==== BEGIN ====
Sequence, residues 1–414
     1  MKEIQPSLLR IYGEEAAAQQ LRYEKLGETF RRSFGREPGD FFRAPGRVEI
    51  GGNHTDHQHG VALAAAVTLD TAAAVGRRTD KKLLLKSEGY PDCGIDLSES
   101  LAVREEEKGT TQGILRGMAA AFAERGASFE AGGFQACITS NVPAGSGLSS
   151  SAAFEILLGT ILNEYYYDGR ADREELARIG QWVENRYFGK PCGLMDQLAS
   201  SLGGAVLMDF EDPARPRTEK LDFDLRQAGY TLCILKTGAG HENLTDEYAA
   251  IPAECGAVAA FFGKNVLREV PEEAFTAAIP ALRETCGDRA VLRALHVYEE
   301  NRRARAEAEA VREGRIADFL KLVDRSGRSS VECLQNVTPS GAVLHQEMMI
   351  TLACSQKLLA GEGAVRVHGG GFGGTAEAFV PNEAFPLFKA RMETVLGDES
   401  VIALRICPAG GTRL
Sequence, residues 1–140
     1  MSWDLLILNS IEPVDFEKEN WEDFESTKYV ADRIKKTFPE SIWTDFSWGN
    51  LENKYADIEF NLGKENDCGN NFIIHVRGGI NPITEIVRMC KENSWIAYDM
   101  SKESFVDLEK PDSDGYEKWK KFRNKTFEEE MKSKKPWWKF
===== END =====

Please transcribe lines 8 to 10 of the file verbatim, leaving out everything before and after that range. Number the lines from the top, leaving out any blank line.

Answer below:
   301  NRRARAEAEA VREGRIADFL KLVDRSGRSS VECLQNVTPS GAVLHQEMMI
   351  TLACSQKLLA GEGAVRVHGG GFGGTAEAFV PNEAFPLFKA RMETVLGDES
   401  VIALRICPAG GTRL